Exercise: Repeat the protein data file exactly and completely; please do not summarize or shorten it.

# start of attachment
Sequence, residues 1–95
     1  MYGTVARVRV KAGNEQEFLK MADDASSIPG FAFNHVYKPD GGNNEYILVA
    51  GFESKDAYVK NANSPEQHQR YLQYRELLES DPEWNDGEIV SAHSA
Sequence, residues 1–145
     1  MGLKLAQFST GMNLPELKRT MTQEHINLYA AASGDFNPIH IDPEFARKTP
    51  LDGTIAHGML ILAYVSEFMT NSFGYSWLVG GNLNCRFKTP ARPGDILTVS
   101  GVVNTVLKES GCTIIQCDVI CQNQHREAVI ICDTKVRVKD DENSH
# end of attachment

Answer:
Sequence, residues 1–95
     1  MYGTVARVRV KAGNEQEFLK MADDASSIPG FAFNHVYKPD GGNNEYILVA
    51  GFESKDAYVK NANSPEQHQR YLQYRELLES DPEWNDGEIV SAHSA
Sequence, residues 1–145
     1  MGLKLAQFST GMNLPELKRT MTQEHINLYA AASGDFNPIH IDPEFARKTP
    51  LDGTIAHGML ILAYVSEFMT NSFGYSWLVG GNLNCRFKTP ARPGDILTVS
   101  GVVNTVLKES GCTIIQCDVI CQNQHREAVI ICDTKVRVKD DENSH